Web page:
3

(KJV) 2 Corinthians 8:18

18 And we have sent with him the brother, whose praise is in the gospel throughout all the churches; 19 And not that only, but who was also chosen of the churches to travel with us with this grace, which is administered by us to the glory of the same Lord, and declaration of your ready mind:

(KJV) 2 Corinthians 8:22

22 And we have sent with them our brother, whom we have oftentimes proved diligent in many things, but now much more diligent, upon the great confidence which I have in you

This brother seems to be well recommended by the churches as well as the apostle Paul. Who is this brother?

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I don't believe that there is a conclusive answer to this question, but in antiquity it was thought that the brother referred to in these verses was Luke:

  • Paul states in 2 Timothy 4:11 that Luke was his companion. Commenting on this verse, John Chrysostom (349-407) wrote, "of him [i.e. Luke] Paul writes, whose praise is in the Gospel throughout all the Churches.1
  • Eusebius (263-339) wrote, "And they say that Paul meant to refer to Luke's Gospel whenever, as if speaking of some gospel of his own he used the words, according to my Gospel.2
  • Jerome (347-420) also stated on at least two occasions that Luke was understood to be the brother to whom Paul refers.3

The longer version of the Epistle to the Ephesians by Ignatius of Antioch (35-107) also credits Luke as being the brother whose praise in in the Gospel ...4


1. Homily X on the Second Epistle to Timothy
2. Church History, III.IV.7
3. Lives of Illustrious Men, ch. VII; Letter LIII
4. Ch. 15

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Who is the brother in 2 Corinthians 8?

There two possibilities ,"Aristarchus"** who became a close associate and travelling companion of Paul (Acts 19:29). The other possibility is "Tychicus" referred to by Paul as a beloved brother and faithful servant.(Col. 4:7,10) The scriptures do not name the brother in 2 Corinthians 8:18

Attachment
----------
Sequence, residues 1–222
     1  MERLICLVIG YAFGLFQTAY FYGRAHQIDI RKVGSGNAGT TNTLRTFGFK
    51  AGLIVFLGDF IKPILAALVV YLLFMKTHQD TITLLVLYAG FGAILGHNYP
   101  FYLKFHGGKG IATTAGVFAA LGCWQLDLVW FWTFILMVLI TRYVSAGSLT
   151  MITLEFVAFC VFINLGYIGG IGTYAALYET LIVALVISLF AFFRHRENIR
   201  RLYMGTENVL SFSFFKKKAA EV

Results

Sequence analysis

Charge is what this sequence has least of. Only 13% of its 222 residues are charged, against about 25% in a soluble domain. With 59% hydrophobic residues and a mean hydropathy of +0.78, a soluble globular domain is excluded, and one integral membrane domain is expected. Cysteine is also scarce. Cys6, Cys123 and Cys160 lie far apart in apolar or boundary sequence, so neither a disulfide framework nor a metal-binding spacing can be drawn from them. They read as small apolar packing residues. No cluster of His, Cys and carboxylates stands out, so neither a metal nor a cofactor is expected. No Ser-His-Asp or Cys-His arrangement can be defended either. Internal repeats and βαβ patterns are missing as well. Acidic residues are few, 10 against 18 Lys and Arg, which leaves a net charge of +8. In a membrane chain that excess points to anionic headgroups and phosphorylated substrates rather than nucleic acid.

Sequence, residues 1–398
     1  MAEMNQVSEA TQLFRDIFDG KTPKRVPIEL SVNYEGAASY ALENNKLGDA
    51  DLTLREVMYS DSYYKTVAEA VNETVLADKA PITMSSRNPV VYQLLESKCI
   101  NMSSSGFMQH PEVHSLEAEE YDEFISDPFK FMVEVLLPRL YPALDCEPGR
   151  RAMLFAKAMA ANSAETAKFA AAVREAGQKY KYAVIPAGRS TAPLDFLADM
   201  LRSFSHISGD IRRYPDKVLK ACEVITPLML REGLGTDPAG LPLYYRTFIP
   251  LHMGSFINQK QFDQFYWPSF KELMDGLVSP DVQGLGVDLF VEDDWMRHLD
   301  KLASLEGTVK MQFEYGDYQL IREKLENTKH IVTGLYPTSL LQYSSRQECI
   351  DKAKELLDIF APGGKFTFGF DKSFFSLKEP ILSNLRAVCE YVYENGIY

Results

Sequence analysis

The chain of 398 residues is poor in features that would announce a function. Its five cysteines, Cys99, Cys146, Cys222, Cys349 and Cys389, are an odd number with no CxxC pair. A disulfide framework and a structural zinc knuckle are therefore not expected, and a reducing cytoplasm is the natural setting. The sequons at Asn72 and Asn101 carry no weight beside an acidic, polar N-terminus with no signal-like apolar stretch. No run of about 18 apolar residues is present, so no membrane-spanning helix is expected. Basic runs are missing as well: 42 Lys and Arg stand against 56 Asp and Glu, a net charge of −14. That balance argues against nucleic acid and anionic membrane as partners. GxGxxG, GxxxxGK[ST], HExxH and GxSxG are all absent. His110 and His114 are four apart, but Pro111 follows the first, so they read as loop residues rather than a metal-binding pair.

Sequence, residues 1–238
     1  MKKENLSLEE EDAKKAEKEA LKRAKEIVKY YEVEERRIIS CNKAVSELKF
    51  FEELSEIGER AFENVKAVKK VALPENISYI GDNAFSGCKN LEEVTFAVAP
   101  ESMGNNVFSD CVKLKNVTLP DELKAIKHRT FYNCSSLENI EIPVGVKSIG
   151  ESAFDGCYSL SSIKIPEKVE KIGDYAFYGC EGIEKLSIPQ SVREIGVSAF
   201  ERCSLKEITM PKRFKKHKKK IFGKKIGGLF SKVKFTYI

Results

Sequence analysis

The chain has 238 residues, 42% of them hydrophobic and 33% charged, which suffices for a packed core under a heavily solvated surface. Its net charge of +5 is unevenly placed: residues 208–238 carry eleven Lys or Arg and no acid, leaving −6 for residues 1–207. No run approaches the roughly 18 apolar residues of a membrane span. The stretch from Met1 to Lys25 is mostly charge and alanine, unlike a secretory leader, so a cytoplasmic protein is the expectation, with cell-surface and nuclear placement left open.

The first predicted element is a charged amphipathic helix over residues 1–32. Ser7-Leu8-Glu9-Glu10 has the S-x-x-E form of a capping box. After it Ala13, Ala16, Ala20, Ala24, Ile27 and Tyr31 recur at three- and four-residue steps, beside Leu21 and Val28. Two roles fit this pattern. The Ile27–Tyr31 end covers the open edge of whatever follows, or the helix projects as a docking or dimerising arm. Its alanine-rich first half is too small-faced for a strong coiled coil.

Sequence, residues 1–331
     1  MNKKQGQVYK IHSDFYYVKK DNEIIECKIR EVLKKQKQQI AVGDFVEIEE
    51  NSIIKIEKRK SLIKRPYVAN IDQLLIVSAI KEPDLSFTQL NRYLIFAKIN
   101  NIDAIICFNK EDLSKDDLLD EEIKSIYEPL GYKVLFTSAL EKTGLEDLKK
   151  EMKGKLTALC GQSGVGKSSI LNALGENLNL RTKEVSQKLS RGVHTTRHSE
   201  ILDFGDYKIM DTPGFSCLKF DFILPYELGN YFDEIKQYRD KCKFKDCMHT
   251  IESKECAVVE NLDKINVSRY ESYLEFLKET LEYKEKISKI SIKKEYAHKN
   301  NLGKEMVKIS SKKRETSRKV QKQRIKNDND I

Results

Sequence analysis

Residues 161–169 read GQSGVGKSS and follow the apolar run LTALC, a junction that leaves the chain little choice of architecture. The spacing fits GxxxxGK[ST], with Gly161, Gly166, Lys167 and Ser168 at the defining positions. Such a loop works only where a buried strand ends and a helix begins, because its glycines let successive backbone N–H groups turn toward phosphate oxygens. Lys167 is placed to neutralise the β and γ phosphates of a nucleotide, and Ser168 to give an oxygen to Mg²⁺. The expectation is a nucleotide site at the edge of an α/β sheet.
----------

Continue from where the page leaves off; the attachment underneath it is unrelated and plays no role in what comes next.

Acts 19:29 (NASB)

29 The city was filled with the confusion, and they rushed together into the theatre, dragging along Gaius and Aristarchus, Paul’s Macedonian traveling companions.

Acts 27:2 New American Standard Bible (NASB)

2 And we boarded an Adramyttian ship that was about to sail to the regions along the coast of [a]Asia, and put out to sea accompanied by Aristarchus, a Macedonian of Thessalonica.

Colossians 4:7,10 (NASB)

7 As to all my affairs, Tychicus, our beloved brother and faithful servant and fellow bond-servant in the Lord, will bring you information.10 Aristarchus, my fellow prisoner, sends you his greetings; and also Barnabas’ cousin Mark (about whom you received [a]instructions; if he comes to you, welcome him

0

I always prefer to play it safe by reminding myself of the following scripture, Deuteronomy 29:29 “The secret things belong to the LORD our God , but those things which are revealed belong to us and to our children forever."

If the Bible does not conclusively state something, maybe it is not worth spending valuable time researching it. The bible has wonderful truths that we need to meditate on, truths like our union with Christ, i find this truth mind boggling. I first got acquainted with it in John 15.